T Nation

Farmers Walks


are farmers walks good for forearm and trap mass as I would like to work on them throughout the next 2 months. hows your experience with them been?


Different movements probably effect different people in different ways, but for me, the answer would be yes.

I do a lot of farmers walks. I alternate light weight / long walk with heavy weight / as far as possible. My traps are one of the places I feel I have developed the most, and my forearms are pretty good.

The thing about farmers walks is they helped me in many, many ways besides just mass building. I think these benefits provided synergies which then in turn, helped me add more muscle mass. My posture will improved, my grip improved (which carried over to all my lifts, especially pulling lifts), it helped my core strength, my mental toughness, etc. But at the end of the day, yes, they added mass.

TBH, I would put farmers walks towards the top (if not the top) of the list of what has had the biggest impact on my training in terms of specific lift types.


does doing them with straps take away most of the goods that this exercise can provide?


Farmer's walks make me better at farmer's walks. I think they're a dandy way to make life terrible and become tough, and awesome for developing foodspeed with a heavy load, but if one's goal was to develop bigger forearms and traps, I feel it would be better for them to directly train these areas. If one wanted to improve their grip, I feel it would be better to directly train the grip.

The question of farmer's with straps was brought up. This is the only way I train them, mainly because the farmer's handles I built have too small of a grip area diameter and using heavy weight makes it very painful to the bones of the hands. That said, I like straps with the movement because I can focus more on footspeed and fatiguing my upperback/core and less energy worrying about my grip giving out. It's the same principle I employ with deadlifts.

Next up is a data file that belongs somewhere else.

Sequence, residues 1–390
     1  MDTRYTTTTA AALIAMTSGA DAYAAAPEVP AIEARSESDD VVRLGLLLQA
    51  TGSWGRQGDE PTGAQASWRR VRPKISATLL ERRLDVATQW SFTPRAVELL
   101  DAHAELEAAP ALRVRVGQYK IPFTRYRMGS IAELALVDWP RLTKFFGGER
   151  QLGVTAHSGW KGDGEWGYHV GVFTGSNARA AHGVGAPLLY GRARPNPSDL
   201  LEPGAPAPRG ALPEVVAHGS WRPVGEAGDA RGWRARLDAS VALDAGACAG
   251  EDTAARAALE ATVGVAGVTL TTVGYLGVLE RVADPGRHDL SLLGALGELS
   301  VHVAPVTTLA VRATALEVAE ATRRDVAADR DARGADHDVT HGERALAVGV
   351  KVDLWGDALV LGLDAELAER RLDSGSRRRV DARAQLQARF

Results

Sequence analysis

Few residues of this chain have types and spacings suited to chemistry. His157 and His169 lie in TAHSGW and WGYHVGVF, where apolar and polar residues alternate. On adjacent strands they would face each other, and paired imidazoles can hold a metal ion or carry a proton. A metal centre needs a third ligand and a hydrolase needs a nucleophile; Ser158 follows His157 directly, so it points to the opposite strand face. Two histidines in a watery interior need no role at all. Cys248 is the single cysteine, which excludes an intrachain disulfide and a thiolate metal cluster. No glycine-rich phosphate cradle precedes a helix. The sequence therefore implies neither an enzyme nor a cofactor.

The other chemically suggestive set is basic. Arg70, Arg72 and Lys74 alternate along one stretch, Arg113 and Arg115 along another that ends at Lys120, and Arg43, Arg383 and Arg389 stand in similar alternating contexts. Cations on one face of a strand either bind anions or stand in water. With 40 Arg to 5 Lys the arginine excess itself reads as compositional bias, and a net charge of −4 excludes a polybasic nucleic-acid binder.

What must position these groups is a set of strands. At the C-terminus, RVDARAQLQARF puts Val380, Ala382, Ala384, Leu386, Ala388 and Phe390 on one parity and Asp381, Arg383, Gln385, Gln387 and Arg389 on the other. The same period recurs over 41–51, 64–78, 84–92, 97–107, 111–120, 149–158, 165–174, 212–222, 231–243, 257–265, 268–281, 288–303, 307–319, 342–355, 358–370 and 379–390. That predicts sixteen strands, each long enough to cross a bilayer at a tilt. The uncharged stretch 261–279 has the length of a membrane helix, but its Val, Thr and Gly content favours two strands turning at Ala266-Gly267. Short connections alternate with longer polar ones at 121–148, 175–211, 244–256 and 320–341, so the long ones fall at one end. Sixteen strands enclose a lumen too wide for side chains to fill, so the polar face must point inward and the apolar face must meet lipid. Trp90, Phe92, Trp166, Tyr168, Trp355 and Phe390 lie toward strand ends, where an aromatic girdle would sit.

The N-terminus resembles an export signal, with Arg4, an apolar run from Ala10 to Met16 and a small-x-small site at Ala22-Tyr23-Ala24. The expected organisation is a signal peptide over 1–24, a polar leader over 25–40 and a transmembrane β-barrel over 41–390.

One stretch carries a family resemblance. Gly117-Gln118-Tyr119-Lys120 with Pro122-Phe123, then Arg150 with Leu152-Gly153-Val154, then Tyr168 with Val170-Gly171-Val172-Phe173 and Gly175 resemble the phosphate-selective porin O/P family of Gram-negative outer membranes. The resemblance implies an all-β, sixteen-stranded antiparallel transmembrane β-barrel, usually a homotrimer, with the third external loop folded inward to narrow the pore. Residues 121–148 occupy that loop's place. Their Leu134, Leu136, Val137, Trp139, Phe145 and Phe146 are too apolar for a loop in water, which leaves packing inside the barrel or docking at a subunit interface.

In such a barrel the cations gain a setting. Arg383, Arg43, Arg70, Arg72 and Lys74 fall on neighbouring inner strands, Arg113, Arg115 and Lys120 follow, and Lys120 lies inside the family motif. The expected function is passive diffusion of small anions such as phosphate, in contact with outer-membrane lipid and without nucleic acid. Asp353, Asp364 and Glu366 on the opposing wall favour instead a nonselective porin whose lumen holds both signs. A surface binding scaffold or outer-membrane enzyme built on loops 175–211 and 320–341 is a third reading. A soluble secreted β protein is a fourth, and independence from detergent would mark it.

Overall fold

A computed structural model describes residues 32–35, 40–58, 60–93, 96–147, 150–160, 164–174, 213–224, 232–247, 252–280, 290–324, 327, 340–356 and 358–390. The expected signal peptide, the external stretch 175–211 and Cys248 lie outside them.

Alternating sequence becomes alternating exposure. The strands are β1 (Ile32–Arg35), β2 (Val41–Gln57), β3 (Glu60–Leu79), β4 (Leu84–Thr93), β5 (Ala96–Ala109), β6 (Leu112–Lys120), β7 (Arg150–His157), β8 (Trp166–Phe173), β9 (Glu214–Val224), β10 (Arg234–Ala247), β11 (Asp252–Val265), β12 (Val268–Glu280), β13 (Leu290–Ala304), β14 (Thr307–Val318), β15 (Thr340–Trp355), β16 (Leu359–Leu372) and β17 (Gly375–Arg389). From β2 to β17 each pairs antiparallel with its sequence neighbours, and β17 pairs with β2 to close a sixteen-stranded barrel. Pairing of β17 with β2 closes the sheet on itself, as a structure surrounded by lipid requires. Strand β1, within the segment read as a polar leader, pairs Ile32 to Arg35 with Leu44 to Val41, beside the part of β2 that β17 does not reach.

Aou dis Frank Castle, you dis yourself.

But, you'll get different results in you train the farmer's walk as an event than if you use it as an exercise.

As an event, you want to get better at it. Max foot speed with minimum wobble of the implements. Traps and grip aren't the point, winning the farmers walk race is.

As an exercise, its all about the traps and grip. Grabbing some dumbbells and walking until your fingers pried open will build your grip. Shrug and hold your shoulders up as you walk and you will feel your traps. Try reverse curl/shrug/farmers walk "supersets."

And like Alive says, they help in other ways. If you job isn't physical, and lifting is exercise they are a great way to get moving around in a useful way.


I definitely agree that they're a great exercise for moving with a heavy weight. I've just never been a fan of indirect training with direct goals.

For grip, I employ the technique you talk about with the farmer's, just with a static load. On my deadlift day, I'll take 2 plates off my working weight and then pull double overhand and hold the lockout for as long as possible. Along with grip, this seems to really help develop my ability to hitch.


"If you dis" autocorrected to au dis. Sorry.

Great insight!
Great grip tip!
You're like the Frederick Taylor of the gym!


A 6' tall, 150 pound 15-year old doesn't need to, and should not, focus specifically on farmer's walks to build "forearm and trap mass". Basic hard training (for everything) and plenty of good eating will get you much further on track.

I suggest reading these and then decide on a plan:


What exercises to use really depends on how much room you have your program for specialization. For me, I try to keep my program to about an hour with no more than a two day split so there isn't a lot of room for exercises that do just one thing. In that scenario I think farmers walks are fantastic since you get grip, forearm, trap, ligament and metabolic work all the same time. On the other hand if you're doing a two hour workout with a five day split then they're probably not the optimal choice.